4-8 All things change, and never rest. Man, after all his labour, is no nearer finding rest than the sun, the wind, or the current of the river. His soul will find no rest, if he has it not from God. The senses are soon tired, yet still craving what is untried.

9-11 Men's hearts and their corruptions are the same now as in former times; their desires, and pursuits, and complaints, still the same. This should take us from expecting happiness in the creature, and quicken us to seek eternal blessings. How many things and persons in Solomon's day were thought very great, yet there is no remembrance of them now!

12-18 Solomon tried all things, and found them vanity. He found his searches after knowledge weariness, not only to the flesh, but to the mind. The more he saw of the works done under the sun, the more he saw their vanity; and the sight often vexed his spirit. He could neither gain that satisfaction to himself, nor do that good to others, which he expected. Even the pursuit of knowledge and wisdom discovered man's wickedness and misery; so that the more he knew, the more he saw cause to lament and mourn. Let us learn to hate and fear sin, the cause of all this vanity and misery; to value Christ; to seek rest in the knowledge, love, and service of the Saviour.

Commentary by Matthew Henry, 1710.

Discussion for Ecclesiastes 1

  • A disciple
    "There is no remembrance of former things; neither shall there be any remembrance of things that are to come with those that shall come after." When the king sent to call all those who had been invited to come to his son's wedding, and all made excuses why they couldn't come; when the king heard he was furious, and commanded that they were not worthy who had refused; but not the whole Nation.
  • A disciple
    Dear Bob; I love the Book of 'The Preacher' or, 'The Summoner.' Some Bible expositors say that Ecclesiastes was a Book about Solomon's Non-Spirit filled attempt to figure out life. But what it really is, is a collection of examples used to call people to rise above this present existence, and all its vanity and vexation of spirit. The very Title of the Book implies Preaching and Calling Assembly.
  • Bob DeHaan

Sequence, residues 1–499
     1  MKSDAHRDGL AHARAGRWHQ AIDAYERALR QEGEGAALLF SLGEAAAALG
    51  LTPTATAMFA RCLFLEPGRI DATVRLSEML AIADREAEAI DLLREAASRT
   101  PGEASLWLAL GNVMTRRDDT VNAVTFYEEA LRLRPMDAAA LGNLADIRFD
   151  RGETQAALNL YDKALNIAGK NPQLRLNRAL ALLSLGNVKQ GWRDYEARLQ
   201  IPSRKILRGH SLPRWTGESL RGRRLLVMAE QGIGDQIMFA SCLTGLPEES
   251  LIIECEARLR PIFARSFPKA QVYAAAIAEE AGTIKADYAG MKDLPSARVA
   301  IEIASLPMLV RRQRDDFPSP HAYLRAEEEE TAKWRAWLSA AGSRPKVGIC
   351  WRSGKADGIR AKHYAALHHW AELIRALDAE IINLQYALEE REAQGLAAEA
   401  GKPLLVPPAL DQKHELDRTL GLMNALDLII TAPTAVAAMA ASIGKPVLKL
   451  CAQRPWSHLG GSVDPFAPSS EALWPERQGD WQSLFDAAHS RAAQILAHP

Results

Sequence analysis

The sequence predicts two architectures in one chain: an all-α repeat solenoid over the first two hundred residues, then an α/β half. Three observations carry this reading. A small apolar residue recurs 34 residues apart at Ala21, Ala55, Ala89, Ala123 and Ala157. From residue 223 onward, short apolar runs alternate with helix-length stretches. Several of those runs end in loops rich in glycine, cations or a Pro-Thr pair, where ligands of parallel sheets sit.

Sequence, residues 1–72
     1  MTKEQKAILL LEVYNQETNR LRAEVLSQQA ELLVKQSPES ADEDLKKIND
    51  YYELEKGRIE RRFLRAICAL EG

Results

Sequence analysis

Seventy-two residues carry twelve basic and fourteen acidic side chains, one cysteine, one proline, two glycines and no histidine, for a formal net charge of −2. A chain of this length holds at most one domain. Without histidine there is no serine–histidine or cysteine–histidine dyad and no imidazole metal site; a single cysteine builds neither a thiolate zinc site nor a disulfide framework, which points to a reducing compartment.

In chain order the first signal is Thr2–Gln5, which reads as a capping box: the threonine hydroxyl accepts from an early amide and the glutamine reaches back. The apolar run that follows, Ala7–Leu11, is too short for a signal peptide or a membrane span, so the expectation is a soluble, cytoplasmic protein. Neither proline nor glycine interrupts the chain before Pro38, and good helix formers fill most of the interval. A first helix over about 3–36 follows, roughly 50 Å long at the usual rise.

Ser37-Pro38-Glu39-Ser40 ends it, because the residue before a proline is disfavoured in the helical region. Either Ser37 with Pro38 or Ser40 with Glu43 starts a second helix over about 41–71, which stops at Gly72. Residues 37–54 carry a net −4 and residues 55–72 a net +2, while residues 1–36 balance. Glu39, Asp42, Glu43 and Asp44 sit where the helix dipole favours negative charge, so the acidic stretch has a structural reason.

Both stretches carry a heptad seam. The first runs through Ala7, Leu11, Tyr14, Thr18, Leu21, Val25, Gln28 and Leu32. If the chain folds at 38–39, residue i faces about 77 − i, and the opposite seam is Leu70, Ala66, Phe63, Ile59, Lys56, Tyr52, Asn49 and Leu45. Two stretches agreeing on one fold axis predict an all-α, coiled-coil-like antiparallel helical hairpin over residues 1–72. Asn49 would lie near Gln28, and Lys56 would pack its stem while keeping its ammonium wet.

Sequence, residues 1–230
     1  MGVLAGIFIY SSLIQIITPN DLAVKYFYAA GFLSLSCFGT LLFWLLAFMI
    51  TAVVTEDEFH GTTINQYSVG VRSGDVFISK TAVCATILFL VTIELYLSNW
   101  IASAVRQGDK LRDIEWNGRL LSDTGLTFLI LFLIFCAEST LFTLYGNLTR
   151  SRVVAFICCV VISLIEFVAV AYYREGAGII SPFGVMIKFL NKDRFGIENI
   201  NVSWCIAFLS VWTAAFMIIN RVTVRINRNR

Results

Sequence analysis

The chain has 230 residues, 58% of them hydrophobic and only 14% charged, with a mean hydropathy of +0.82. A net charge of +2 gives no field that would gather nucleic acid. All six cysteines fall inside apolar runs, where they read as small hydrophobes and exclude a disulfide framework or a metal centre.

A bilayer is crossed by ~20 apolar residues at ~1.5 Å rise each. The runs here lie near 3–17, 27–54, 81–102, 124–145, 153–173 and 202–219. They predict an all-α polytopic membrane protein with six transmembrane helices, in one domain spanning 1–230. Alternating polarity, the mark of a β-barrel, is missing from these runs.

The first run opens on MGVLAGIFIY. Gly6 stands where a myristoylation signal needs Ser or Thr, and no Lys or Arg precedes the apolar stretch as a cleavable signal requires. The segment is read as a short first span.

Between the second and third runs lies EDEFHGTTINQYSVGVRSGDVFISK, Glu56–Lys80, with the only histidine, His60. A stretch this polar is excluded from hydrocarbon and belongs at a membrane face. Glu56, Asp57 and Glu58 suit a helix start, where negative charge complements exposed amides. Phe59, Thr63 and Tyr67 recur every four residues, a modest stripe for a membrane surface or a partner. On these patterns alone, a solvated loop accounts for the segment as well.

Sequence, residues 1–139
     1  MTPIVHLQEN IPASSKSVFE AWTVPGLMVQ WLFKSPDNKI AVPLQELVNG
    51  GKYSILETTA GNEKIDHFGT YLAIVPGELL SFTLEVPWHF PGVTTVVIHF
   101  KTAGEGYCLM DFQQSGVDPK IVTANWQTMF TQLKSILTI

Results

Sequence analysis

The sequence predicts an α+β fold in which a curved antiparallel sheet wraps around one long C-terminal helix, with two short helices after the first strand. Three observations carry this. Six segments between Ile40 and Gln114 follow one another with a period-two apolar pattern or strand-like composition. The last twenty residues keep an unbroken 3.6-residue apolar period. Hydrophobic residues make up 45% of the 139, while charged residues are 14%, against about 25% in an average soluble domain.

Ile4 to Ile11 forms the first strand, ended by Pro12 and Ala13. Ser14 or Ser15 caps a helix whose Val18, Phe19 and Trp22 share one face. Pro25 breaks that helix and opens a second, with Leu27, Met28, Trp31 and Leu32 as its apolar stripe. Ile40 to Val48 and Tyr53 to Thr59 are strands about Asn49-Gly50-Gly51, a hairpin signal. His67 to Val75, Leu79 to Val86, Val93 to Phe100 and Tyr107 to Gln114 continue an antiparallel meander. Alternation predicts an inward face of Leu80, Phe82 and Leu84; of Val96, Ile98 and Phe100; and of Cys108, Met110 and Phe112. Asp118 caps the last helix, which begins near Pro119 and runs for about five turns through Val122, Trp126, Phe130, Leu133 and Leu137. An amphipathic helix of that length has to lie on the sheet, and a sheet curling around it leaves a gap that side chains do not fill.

I have gained much wisdom and understanding from this wonderful book called Ecclesiastes. The heart of man seeks all that is vanity in this world. We can not understand unless we give up our lives to Jesus Christ. We become new creations in Christ, seeking seeking An Eternal perspective instead of a vain and temporal perspective. Holy Spirit feed us the Bread of Life each new day!
  • Clarence Bagley
    could it be that Year's is only a myth if there is nothing new under the sun
  • Carolyn Rowe
    God gave Solomon wisdom greater than anyone before or after him, yet he ended up marrying 700 "strange " women ( heathens) who turned his heart from God to idols. Man at his best is vanity. He misuses God's gifts on his lust.
  • I perceive the knowledge of Geography as a subject already existing in full deta
    God is Omniscient. He knows everything, and we need to therefore fear Him alone who knows all things in secret and in the open, in dark or in light, in private or in public. Fear Him Alone!
  • A disciple
    Pauson; this is something that many of us were taught, by those who didn't know themselves! The fact is, that Solomon had asked the LORD for this wisdom to be able to feed the people with knowledge and understanding. "The Preacher;" which is most accurately interpreted, "The Summoner, (one who calls to assembly);" was written for awakening men out of the vanities of this life, to bring them to God
  • Pauson
    Solomon could not understand his purpise of living. He served his interests rather than thinking about his legacy. All is vanity without christ.

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Bible Trivia

Who was the 'Preacher' of Ecclesiastes?
  • David
  • Moses
  • Solomon
  • Hezekiah